By Al Waisman, aka, the Conservative Jew:
Although she was once considered an up and coming superstar for the GOP, Mia Love has now taken to publicly attacking the Republican Party, and even President Trump for her own miscalculations and mistakes which led to her loss in her bid for congressional re-election during these 2018 midterm elections.
The Washington Examiner is reporting:
“Having lost her re-election bid, Rep. Mia Love, R-Utah, is unloading on the Republican Party and its leader, chiding President Trump for alienating women and minorities and warning that an ingrained tone deafness is dragging down the GOP.
Love said in an interview this week with the Washington Examiner she is proud of supporting legislation that boosted economic growth. But the only black Republican woman in Congress, the daughter of Haitian immigrants, said voters want more than a job; they want to feel valued. Republican pleading that policy outweighs rhetoric is not only off-base, Love said, it’s interpreted as patronizing by women and minorities.
“So why do they stay with Democrats? I think it’s because they feel like they have a home — or Democrats make them feel like they have a home,” Love said. “I’ve said this to my colleagues, we need to do a better job than just talking about how great our policies are, we need to actually let people know that we care. They need to like Republicans.”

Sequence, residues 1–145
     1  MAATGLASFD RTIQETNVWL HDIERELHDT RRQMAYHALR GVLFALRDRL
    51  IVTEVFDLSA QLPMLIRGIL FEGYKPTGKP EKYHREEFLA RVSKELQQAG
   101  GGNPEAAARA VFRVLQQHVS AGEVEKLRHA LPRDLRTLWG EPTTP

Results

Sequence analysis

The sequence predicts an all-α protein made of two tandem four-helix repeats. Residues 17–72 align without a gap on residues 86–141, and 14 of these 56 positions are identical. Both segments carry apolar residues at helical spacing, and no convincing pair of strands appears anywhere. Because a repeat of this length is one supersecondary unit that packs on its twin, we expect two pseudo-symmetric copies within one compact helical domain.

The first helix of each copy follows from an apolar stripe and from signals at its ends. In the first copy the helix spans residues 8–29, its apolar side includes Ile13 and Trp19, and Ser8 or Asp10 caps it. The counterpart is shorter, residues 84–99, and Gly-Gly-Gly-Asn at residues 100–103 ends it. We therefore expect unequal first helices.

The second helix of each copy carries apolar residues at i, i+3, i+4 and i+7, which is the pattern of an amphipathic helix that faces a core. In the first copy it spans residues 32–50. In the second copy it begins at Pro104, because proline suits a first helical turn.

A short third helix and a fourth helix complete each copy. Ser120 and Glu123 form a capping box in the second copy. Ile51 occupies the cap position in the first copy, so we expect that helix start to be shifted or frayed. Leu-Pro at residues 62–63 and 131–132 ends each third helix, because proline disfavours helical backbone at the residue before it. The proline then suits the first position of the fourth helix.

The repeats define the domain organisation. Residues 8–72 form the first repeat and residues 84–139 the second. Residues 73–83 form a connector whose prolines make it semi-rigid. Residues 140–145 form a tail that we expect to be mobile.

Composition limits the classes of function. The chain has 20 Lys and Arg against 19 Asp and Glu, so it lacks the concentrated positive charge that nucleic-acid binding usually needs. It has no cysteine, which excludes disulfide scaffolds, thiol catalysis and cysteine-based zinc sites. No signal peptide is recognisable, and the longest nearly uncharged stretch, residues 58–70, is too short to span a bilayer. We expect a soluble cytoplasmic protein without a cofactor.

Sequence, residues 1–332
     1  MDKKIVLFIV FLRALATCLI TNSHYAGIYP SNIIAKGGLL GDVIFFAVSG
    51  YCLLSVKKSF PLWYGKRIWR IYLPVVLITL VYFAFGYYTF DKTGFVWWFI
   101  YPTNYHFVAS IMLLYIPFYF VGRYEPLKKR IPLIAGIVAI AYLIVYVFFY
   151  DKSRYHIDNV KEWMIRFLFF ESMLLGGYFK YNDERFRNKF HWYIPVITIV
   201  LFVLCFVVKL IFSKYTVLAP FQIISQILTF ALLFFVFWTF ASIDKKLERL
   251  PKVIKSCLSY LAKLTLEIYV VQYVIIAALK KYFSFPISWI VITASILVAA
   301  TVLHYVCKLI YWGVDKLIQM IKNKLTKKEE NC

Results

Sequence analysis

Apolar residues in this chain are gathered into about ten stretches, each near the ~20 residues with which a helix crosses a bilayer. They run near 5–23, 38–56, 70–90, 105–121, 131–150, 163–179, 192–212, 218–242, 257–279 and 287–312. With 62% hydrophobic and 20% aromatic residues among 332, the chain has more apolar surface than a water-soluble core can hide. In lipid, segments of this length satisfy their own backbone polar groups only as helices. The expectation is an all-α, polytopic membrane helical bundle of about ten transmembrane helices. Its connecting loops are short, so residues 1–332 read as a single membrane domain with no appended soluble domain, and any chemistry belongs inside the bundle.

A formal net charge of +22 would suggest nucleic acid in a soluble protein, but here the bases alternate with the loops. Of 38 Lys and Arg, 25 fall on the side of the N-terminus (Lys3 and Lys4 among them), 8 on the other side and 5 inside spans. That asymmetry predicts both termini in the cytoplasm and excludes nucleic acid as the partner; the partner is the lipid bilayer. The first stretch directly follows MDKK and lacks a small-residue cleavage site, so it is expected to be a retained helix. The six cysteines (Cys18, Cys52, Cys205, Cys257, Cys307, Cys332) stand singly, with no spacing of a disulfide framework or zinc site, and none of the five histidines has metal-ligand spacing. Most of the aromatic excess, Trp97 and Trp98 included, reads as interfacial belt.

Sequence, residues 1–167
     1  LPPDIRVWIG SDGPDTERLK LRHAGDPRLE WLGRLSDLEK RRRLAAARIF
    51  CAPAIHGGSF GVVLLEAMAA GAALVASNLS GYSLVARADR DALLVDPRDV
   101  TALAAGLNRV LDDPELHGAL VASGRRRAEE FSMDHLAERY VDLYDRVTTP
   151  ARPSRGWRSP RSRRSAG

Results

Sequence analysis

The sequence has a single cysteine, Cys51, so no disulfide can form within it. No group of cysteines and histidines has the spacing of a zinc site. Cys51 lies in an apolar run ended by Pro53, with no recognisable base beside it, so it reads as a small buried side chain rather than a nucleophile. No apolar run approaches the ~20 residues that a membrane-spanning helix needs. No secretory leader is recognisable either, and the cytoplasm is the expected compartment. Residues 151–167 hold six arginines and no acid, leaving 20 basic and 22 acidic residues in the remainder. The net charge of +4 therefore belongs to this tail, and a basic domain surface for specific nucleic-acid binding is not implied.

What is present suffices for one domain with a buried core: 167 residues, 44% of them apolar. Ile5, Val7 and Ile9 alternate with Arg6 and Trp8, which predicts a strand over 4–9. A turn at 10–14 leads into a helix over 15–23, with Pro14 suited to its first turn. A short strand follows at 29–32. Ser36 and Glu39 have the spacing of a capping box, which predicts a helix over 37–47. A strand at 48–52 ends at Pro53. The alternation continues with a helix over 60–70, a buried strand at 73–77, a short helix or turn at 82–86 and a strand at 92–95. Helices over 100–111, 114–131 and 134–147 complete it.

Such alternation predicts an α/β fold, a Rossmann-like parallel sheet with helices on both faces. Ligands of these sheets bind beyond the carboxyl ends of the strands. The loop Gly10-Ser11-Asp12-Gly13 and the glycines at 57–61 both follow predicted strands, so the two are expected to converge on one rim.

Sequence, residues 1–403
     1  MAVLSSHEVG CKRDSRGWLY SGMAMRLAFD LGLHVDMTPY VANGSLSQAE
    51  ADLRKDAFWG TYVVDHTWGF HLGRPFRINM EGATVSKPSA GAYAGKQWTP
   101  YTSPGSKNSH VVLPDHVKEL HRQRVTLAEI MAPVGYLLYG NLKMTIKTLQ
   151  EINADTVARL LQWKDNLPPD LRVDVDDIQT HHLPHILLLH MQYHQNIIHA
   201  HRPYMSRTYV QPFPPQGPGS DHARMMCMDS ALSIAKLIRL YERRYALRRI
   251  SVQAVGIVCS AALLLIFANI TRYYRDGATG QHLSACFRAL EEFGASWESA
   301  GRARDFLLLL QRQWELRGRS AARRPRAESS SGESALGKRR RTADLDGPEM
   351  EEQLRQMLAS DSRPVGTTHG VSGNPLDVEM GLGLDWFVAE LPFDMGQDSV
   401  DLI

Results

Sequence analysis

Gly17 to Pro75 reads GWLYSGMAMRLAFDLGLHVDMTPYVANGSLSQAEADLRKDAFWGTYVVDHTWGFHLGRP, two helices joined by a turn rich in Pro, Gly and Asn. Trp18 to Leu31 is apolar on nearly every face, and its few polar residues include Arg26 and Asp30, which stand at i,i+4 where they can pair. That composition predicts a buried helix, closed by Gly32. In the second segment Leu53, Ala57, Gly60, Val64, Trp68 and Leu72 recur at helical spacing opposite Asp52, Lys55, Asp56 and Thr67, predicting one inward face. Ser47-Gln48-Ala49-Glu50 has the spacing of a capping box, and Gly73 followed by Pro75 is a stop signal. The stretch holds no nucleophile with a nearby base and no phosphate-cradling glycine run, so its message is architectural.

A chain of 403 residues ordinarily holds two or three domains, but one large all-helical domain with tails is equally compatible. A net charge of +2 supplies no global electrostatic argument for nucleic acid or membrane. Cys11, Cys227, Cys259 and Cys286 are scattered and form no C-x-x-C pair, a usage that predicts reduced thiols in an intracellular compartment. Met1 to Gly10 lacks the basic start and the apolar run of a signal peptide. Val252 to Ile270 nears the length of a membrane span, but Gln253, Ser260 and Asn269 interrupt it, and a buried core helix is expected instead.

The Democrats gained 40 House seats in November, capturing the majority on the strength of a suburban revolt fueled by a desire — especially among women — to put a check on Trump. Love, who holds a suburban Salt Lake City seat, was swept away by this high blue tide. Trump publicly lashed out at her the day after the election, apparently feeling scorned. “Mia Love gave me no love and she lost,” he said.
Now free of political constraints, Love, 42, is opening up about the challenges facing Republicans at a time when the party is dominated by Trump and members of Congress who are mostly white and mostly men.
Many Republicans in Congress, and many GOP voters, argue that results, not rhetoric, are what matter. The economy is booming, unemployment is at historic lows, including for African-Americans, Hispanics, and other ethnic minorities, and wages are on the rise. That is more important, say these Republicans, than Trump’s periodic outbursts on social media, or his tongue lashing of political opponents or those inside the GOP he has deemed disloyal.
Love disagrees, and she points to the midterm elections as evidence. Republicans gained two Senate seats, but the party lost more than three-dozen House seats primarily in suburban and exurban districts where the economy is in great shape and growing. That has everything to do with Trump’s behavior — and that her colleagues continue to dismiss the anxiety and disgust it engenders in so many of those voters, she believes.
“I can get through the language,” Love said of the president’s bluntness. But she added that many can’t, and she said the party has to respond to their concerns. “I just want to make sure that we show people that we care instead of using language that, I think, makes people feel like they can’t trust us.”